"While this award is technically not for my columns but for my feature writing," Weingarten said, "I consider it an endorsement of the excellence of absolutely everything I do: humor writing, parallel parking, lovemaking, etc.

"So in that regard, using the same bold, broad-brush logic, I think all the clients of my column have a right to claim that they, too, won the Pulitzer Prize today."

Commentary: Steve Pearlstein of The Washington Post for his columns exploring the nation's economic ills

Criticism: Mark Feeney of The Boston Globe for his reviews of visual arts, including film, photography and painting

Editorial Writing: No Award

Editorial Cartooning: Michael Ramirez of Investor's Business Daily

Breaking News Photography: Adrees Latif of Reuters for his photograph of a Japanese videographer who was fatally wounded during a street demonstration in Myanmar

Feature Photography: Preston Gannaway of the Concord Monitor for her photographs of a family coping with a parent's terminal illness

Fiction: The Brief Wondrous Life of Oscar Wao by Junot Diaz

Drama: August: Osage County by Tracy Letts

History: What Hath God Wrought by Daniel Walker Howe

Biography: Eden's Outcasts by John Matteson

Poetry: Time and Materials by Robert Hass
Poetry: Failure by Philip Schultz

General Nonfiction: The Years of Extermination by Saul Friedlander

Music: The Little Match Girl Passion by David Lang

Special Citation: Bob Dylan (!)

Thursday, April 3, 2008

The Shape of World News

Here's brilliant graphic concept by Nicolas Kayser-Bril and Gilles Bruno , first featured on the French website L'observatoire des Medias. It's worth clicking the link to compare dailies and websites to contrast the scope of their reporting throughout a full year. The maps swell and contort according to the attention given each country, as shown in the samples below of The Australian and London's the Daily Mail. (Hat tip to Online Journalism Blog for the link.) It would be enlightening to also have a map that shows the attrition of foreign news bureaus.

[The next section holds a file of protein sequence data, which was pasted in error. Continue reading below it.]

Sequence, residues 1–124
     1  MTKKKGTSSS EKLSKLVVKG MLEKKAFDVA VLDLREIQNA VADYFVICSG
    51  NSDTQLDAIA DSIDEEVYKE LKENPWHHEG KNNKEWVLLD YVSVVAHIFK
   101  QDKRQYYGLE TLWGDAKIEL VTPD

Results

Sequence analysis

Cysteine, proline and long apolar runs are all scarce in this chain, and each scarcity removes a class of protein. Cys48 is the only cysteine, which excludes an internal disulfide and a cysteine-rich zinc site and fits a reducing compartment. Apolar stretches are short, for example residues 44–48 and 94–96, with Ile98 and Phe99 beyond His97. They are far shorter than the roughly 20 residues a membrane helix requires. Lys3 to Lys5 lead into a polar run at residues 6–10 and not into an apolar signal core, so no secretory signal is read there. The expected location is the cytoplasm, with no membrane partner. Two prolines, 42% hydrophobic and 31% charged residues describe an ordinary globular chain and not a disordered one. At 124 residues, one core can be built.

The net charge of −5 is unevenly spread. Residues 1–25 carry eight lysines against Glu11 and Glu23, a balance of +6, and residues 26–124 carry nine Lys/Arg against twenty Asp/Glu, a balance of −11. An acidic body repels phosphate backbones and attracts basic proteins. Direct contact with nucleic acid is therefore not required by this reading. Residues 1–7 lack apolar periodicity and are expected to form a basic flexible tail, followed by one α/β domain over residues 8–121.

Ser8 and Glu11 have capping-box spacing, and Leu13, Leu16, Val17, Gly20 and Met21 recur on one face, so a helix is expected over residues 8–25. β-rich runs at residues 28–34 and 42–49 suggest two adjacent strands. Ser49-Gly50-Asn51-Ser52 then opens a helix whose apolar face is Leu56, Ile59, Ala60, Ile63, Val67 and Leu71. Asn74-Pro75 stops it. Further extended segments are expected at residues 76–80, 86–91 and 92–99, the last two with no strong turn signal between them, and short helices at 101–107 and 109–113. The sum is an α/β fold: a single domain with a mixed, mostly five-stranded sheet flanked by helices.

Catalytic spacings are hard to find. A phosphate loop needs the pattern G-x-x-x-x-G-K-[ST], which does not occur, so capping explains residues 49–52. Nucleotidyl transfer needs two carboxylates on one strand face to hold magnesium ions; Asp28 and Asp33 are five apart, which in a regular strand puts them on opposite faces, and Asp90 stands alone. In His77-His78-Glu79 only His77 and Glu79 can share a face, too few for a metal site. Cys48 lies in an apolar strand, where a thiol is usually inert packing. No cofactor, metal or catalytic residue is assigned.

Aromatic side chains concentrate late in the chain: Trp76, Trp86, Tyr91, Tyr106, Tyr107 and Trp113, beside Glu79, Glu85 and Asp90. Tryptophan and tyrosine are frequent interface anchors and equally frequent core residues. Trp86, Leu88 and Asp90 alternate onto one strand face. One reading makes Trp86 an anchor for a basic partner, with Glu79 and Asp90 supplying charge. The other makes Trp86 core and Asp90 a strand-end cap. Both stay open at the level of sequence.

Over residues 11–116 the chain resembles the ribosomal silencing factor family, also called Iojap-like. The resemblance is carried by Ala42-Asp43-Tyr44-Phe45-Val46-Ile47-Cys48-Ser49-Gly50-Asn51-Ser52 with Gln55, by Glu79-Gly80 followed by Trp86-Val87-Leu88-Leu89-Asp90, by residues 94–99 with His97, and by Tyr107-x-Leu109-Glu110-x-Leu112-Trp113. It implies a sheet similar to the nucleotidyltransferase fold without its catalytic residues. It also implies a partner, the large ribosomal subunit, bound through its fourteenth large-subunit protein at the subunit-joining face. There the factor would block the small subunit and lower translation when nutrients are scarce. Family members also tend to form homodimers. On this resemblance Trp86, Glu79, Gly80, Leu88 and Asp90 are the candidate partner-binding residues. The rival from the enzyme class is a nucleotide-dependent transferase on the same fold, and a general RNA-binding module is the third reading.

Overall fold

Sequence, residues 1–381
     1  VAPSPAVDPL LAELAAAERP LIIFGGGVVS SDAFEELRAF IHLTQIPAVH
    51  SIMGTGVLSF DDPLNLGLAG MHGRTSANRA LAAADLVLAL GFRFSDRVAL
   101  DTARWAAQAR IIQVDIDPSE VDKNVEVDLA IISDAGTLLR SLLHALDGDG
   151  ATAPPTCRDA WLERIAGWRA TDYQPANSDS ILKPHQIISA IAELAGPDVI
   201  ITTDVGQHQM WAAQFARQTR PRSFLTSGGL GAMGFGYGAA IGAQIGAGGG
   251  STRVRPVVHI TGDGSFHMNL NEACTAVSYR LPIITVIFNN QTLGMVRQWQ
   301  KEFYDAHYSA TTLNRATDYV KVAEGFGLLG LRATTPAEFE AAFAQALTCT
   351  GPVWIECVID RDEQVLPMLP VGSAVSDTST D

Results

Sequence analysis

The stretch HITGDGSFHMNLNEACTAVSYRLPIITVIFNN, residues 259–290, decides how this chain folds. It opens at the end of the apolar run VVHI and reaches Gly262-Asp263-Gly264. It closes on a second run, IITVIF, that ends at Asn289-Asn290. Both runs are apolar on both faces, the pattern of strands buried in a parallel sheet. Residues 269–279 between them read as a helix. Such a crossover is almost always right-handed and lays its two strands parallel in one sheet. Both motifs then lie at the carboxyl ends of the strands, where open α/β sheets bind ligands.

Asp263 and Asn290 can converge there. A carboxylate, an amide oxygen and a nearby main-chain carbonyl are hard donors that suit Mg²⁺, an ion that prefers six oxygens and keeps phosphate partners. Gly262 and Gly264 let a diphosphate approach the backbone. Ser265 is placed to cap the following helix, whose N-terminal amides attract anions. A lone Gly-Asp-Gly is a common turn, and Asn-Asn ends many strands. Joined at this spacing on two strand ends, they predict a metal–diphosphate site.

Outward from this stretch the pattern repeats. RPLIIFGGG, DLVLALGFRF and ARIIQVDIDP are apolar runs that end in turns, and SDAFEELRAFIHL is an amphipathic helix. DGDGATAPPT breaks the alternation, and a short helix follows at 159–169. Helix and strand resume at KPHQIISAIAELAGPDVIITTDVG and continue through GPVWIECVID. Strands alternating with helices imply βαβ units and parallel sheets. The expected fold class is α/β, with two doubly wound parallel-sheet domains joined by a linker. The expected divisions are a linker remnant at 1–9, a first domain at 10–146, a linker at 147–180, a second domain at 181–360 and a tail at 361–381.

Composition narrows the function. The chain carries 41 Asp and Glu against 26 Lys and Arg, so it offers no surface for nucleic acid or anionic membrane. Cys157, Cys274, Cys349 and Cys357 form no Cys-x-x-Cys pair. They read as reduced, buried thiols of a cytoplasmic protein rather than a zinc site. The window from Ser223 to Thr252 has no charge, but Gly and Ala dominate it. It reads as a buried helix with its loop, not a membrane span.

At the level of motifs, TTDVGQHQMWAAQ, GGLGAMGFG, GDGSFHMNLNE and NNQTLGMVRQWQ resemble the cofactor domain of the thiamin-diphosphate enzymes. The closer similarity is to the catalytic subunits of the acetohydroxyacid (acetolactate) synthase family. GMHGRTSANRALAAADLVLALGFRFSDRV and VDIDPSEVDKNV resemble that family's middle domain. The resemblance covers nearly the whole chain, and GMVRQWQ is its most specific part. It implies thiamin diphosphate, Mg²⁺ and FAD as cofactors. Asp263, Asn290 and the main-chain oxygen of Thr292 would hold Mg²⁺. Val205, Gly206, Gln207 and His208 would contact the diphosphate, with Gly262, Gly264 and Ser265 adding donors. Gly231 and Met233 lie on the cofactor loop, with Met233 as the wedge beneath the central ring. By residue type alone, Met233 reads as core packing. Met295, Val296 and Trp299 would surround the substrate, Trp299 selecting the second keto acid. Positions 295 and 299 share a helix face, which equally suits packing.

Tuesday, April 1, 2008

Stretch Sarkozy? A Bisexual 007? Jungle Penguins? April Fools

Believe everything in the news, even in this age of spinmeisters ? Oops. You may have been stung by these seasonal spoofs, reported by Agence France Presse.

Media around the world regaled their audiences with stories of stretched French presidents and bisexual James Bonds on Tuesday, proving the tradition of April Fool's jokes was alive and kicking.

Britain's Daily Telegraph printed pictures of penguins apparently flying to the Amazon, while many papers ran a spoof story saying luxury carmaker BMW had invented a model that electrocuted dogs which tried to relieve themselves against its wheels.

Australian radio station 2UE marked April 1 by reporting that the pope would conduct a special mass for homosexuals during his visit Down Under in July.

The British press combined jokes with a little French-bashing -- light-heartedly ignoring pleas for closer cross-Channel cooperation from President Nicolas Sarkozy during his state visit last week.

The president's diminutive stature was the butt of an April Fool in the Sun tabloid.

Under the headline "Docs to Stretch Sarkozy," it said the president -- who wore built-up heels, in contrast to his ex-model wife Carla's flat shoes, in London -- "is to have pioneering stretch surgery in a bid to make him taller."

"The patient is stretched on a traction bed for several hours and calcium supplements are injected in the bone shafts near the joints," it quoted French government spokesman "Luc Bigger" as saying.